High alert sounded in UP after blasts
Security has been beefed up at key places in the wake of Gorakhpur blasts.india Updated: May 23, 2007 17:37 IST
A state of high alert has been sounded across Uttar Pradesh in the wake of serial bomb blasts in Gorakhpur and recovery of explosives in Faizabad.
Security has been beefed up at all sensitive places and security personnel in strength deployed to thwart the designs to create problems in the state, sources said.
Tight security arrangments had been put in place at Ram Janambhoomi complex at Ayodhya, Kashi Vishwanath temple in Varanasi and Srikrshna Janmbhoomi in Mathura, they said.
A strict vigil was being maintained on the Indo-Nepal border districts and extensive checking of vehicles was being conducted, they said.
Meanwhile, a Special Task Force team of the UP police had reached Gorakhpur to investigate into Tuesday's serial blasts in Golghar area.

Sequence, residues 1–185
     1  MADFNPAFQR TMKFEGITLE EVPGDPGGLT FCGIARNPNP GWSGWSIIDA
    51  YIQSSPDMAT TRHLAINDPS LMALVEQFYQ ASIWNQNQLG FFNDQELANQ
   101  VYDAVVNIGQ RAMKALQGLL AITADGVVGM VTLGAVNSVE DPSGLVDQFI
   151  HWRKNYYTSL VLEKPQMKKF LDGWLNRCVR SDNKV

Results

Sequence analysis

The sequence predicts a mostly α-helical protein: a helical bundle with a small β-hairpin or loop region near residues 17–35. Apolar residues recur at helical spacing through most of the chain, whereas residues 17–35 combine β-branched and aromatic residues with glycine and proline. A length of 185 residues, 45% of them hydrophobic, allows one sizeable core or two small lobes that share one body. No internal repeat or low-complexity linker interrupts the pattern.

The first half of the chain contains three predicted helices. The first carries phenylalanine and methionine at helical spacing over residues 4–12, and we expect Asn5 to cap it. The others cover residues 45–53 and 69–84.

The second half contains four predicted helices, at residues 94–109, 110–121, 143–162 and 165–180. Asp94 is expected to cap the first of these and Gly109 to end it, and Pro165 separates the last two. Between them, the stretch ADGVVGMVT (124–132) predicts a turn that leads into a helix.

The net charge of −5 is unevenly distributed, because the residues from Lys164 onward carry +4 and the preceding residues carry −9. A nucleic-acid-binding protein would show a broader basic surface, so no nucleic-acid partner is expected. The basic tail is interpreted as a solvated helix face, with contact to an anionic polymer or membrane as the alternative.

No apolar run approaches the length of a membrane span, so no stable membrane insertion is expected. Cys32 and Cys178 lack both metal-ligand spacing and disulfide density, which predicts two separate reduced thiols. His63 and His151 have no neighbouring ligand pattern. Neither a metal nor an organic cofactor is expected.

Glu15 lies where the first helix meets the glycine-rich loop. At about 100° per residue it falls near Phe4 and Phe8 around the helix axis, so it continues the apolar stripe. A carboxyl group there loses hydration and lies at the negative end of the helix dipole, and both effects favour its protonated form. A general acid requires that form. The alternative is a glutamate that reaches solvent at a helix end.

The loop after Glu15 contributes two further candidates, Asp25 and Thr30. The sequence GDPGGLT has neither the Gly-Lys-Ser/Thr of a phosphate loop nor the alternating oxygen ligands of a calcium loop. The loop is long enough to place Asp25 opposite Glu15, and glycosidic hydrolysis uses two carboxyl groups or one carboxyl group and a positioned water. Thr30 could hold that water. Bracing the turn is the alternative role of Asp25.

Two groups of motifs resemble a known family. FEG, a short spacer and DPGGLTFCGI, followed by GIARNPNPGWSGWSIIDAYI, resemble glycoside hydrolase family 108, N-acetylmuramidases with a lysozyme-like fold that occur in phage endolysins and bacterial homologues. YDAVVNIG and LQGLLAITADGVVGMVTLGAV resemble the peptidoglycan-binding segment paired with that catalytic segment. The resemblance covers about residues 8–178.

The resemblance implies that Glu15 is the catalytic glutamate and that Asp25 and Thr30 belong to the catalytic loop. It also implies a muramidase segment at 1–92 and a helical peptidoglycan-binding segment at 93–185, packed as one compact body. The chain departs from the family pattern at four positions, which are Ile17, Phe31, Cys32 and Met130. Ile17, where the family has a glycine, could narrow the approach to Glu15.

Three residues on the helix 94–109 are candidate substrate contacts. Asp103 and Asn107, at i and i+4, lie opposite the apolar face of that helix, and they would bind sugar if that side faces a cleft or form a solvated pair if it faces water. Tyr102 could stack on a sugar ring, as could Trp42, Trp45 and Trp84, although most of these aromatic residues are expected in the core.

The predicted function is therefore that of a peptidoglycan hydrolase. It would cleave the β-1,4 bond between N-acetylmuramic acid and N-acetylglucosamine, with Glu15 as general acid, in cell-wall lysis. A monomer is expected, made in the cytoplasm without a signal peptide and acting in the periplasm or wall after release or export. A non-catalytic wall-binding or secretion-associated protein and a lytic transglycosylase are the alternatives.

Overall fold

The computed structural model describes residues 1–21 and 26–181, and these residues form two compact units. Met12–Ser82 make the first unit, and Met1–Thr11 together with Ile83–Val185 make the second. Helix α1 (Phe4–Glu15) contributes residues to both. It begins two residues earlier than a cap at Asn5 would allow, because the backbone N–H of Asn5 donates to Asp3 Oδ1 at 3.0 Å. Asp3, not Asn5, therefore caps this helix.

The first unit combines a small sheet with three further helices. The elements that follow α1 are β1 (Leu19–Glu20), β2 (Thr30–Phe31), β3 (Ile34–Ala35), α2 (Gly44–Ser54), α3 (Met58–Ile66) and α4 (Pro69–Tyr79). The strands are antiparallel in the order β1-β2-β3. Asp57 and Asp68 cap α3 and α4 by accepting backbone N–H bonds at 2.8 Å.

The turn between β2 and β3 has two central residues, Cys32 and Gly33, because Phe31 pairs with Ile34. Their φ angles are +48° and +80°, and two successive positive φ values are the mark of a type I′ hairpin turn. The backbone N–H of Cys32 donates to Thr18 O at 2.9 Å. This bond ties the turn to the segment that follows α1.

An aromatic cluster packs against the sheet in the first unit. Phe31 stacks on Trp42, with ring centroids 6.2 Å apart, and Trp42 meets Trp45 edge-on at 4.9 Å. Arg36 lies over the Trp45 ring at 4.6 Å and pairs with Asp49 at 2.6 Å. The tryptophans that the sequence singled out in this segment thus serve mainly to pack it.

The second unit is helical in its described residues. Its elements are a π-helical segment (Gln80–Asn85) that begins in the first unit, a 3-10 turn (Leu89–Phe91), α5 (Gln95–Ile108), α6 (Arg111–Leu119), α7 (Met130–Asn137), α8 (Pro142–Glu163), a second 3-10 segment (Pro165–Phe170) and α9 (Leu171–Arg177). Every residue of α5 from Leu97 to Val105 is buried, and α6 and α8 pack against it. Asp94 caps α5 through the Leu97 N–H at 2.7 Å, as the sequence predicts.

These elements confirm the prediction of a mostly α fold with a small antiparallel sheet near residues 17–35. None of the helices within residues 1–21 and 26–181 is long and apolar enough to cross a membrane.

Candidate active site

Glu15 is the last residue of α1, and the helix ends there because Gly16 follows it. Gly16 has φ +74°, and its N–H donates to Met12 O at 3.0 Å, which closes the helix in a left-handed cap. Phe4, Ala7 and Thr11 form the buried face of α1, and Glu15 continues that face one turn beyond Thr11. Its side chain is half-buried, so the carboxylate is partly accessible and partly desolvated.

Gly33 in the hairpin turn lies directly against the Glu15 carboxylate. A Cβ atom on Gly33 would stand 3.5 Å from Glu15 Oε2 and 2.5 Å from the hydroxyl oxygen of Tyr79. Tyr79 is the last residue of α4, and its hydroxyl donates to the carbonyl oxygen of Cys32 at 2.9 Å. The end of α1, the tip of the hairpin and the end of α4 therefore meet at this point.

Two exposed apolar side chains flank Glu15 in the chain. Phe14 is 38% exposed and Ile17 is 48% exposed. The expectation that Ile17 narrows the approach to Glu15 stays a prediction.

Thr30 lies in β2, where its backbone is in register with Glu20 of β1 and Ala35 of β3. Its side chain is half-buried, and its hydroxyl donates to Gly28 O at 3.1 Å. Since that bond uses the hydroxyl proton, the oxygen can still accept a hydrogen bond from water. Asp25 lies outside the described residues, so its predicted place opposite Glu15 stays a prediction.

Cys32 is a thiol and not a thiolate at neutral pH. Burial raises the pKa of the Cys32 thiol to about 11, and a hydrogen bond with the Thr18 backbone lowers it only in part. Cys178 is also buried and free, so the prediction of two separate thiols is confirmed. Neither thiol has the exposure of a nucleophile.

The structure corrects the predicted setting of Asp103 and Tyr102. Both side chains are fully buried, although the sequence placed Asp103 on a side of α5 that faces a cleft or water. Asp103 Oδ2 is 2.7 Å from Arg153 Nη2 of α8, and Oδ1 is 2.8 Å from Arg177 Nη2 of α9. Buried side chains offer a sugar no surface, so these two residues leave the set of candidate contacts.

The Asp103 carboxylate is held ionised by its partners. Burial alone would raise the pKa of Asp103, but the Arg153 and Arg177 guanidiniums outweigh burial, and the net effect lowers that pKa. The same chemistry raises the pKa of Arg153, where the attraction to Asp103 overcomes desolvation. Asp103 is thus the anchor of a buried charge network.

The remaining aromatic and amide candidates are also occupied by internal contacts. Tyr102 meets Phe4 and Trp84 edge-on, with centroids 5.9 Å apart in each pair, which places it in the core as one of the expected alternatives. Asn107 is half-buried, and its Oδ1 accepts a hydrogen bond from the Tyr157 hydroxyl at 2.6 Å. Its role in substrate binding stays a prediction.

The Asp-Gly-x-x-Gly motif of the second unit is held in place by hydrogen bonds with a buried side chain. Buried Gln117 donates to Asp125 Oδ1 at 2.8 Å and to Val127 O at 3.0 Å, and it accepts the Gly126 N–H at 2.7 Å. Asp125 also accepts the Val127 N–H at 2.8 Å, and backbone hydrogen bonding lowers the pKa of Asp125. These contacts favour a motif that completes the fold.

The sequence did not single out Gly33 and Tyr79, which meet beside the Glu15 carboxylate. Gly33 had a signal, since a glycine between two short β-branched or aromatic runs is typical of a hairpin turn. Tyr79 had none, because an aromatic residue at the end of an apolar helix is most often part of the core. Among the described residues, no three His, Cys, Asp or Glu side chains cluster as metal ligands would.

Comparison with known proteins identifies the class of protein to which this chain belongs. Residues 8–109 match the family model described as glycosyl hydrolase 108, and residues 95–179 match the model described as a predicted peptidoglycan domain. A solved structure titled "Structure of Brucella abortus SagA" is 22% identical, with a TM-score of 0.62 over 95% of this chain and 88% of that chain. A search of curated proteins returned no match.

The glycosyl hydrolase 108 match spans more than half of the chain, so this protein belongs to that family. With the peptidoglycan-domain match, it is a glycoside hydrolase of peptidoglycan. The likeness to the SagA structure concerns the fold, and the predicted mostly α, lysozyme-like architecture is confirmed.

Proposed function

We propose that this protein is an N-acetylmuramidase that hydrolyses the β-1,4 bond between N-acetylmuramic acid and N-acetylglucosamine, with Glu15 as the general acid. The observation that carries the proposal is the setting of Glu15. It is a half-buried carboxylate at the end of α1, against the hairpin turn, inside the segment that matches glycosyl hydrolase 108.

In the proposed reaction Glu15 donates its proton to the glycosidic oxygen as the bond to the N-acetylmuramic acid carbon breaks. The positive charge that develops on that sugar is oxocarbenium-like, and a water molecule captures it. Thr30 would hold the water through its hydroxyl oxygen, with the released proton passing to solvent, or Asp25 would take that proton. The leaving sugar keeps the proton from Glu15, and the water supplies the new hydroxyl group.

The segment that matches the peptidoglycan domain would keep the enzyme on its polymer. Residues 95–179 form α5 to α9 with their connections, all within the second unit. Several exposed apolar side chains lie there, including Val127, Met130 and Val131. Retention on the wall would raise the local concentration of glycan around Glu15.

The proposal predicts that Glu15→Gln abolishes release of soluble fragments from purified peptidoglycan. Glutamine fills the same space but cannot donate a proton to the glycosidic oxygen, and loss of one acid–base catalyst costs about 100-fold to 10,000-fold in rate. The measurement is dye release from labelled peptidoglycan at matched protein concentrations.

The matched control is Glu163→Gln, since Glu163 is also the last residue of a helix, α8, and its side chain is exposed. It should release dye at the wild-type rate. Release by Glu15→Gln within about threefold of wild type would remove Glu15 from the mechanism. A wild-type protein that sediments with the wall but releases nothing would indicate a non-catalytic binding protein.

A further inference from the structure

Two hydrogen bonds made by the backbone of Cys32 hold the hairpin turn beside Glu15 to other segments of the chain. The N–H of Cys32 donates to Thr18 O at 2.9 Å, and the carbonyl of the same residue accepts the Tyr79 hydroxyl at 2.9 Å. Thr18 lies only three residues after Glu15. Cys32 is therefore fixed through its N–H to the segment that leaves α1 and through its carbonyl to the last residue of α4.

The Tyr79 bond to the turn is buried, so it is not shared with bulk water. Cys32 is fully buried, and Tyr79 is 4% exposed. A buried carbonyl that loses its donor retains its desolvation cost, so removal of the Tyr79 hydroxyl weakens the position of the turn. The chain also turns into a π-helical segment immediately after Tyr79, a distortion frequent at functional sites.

Senior Superintendent of Police RK Rai said timer devices could have been used to detonate three low-intensity bombs last evening in a crowded shopping area of this temple town. Five people were injured in the blasts.
All exit routes of the city had been sealed and security in and around the famous Gorakh Nath temple had been beefed up, police said.
The police was also checking whether the blasts have any link with the recoverey of 10 kilograms of explosives and 20 litres of amonium nitrite from a second class waiting room in Faizabad railway station, they said.
The explosives, the nature of which is yet to be ascertained, were recovered at around 2 am. From the second class waiting room on platform No 1 of the station during a routine search by Railway Police personnel.
The explosives and the liquid were found kept in a bag in the corner of the waiting hall, sources said. Uttar Pradesh Chief Minister Mayawati said the governemnt had taken the serial blasts at Gorakhpur seriously and would conduct a thorough investigation into it.
Home department sources in Lucknow said directives had been sent to the district magistrates and police chiefs to maintain a state of high alert.